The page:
Data regarding child welfare is fairly straight-forward, right? There is little room for interpretation when it comes to counting the number of children in foster care, or so it would seem. In the course of preparing visuals to illustrate data trends, I’ve repeatedly been reminded of the misunderstandings regarding said data. I’m not talking about Joe and Jane on the street, but also some child welfare advocates. So I decided to set the record straight on one of the most common errors in reporting child welfare data.
The issue: number of kids involved in the foster care system. The data error: citing the Adoption & Foster Care Analysis & Reporting System, or AFCARS (point in time) data. This data is collected within states who provide the information to the federal Administration for Children & Families. So it should be reliable, right?
Let’s start with the biggest misconception about foster care data. It has been reported that there were 408,000 children in foster care in 2010 (or some variation of this language). What this means is that, on September 30th, 2010, there were 408,000 children in foster care. However, many more children were actually in foster care in the 11 months preceding September. Many children entered and exited foster care throughout the year, some more than once. According to ACF, 662,000 children were in foster care at some point in time during fiscal year 2010. I think most would agree, there is a bit of a difference in the two numbers. And yet, even seasoned child welfare professionals will often cite the 408,000 number when talking about the number of children in foster care in 2010.
While the previous numbers demonstrate a very common misconception about the numbers, there are other factors that influence the accuracy of the numbers. When looking at foster care numbers, many people do not realize is that while numbers presented for 8 years ago may be reasonably accurate (although not always), the more current numbers are less accurate. There is a reason that ACF generally refers to the latest data as ‘estimates‘. There are a few explanations for differences or inaccuracies; so it might be best to start at the beginning.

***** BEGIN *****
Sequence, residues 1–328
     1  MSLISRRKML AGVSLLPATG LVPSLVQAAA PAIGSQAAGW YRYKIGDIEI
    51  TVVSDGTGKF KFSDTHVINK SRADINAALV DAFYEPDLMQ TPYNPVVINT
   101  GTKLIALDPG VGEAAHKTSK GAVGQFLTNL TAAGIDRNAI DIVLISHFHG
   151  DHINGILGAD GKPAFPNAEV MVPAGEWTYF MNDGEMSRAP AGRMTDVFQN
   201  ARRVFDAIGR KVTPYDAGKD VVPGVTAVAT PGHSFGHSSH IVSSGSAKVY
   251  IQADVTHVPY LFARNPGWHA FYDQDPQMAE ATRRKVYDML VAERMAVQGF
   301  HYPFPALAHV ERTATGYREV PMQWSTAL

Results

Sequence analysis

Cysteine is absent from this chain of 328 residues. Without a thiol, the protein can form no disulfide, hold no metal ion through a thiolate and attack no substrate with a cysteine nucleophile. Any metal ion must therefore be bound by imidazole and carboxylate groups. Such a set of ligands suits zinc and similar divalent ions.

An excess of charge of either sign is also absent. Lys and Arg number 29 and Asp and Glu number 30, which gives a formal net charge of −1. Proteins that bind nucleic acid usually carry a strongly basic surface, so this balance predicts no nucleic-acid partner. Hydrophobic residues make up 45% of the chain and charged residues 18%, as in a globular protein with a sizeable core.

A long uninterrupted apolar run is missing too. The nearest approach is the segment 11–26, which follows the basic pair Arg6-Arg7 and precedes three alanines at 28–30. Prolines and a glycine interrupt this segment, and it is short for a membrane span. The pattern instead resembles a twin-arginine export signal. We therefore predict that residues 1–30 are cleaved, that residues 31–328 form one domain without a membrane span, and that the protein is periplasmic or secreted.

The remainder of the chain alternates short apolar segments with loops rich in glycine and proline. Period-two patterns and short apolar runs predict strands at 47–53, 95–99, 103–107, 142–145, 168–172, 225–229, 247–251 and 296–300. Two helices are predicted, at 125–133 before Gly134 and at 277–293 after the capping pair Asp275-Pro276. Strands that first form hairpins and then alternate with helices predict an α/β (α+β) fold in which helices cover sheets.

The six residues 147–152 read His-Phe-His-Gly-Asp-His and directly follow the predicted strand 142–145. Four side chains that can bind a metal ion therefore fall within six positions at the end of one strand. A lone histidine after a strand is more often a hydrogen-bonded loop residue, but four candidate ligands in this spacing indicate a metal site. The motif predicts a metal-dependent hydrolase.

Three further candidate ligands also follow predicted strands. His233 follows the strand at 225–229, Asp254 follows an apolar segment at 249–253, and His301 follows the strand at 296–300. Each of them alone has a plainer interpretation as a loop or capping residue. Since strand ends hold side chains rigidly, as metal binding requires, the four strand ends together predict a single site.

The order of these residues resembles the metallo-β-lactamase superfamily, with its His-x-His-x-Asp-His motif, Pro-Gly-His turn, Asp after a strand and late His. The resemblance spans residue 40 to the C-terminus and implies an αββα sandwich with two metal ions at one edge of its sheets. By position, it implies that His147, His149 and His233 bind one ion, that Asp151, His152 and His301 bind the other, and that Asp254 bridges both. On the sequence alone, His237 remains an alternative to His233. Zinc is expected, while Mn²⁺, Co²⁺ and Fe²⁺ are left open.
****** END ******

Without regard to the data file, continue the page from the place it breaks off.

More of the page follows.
This can best be explained with an illustration. Imagine that you are Susan Socialworker and you are called to your supervisor’s office at 3:00 PM on February 25th. You are handed a case file on the Jones family, whose three children were removed by the police last night and placed into foster care. Your job now is to meet the children, foster parents, biological parents, and any other involved parties in order to assess the situation, arrange for necessary services, and prepare for a court hearing. You also have anywhere from 12 to as many as 40 or 50 other children on your caseload who hopefully are in stable situations that do not require your immediate attention. In addition to meeting the new family and managing your existing caseload, you are required to perform data entry tasks so that the three new children are accurately accounted for in the state data system, foster parents and other providers paid, and essential demographic information recorded. Given this scenario, what task do you think will be postponed? If the data were to be transmitted to the federal ACF on the 28th, would it be an accurate reflection of the number of children in care on your caseload on February 25th? Multiple these by the nearly 700 children that enter foster care on a given day and the difference becomes larger.
While this over-simplified scenario may account for some short-term differences in the numbers, there are many other factors that influence accuracy, including both technology and human errors. First off, it will likely be six or seven months before the three children on Susan’s caseload are included in public releases of foster care numbers. This is because states do not transmit their data to the federal government on a daily, weekly, or even monthly basis but every six months. And one glance at the most current chart provided by ACF illustrating the data and it is clear that numbers are rounded up or down, accounting for other potential differences.
The next time you hear numbers quoted regarding children in foster care, it is my hope that you will keep in mind that they are estimates and the way in which these estimates are presented can significantly alter our understanding of the scope of this topic. These are numbers that describe to the world the children impacted by foster care. While the differences may be minor at a community level, these numbers influence public understanding and opinion and perhaps more critical, the amount of local, state, and federal funds that support vulnerable children and families.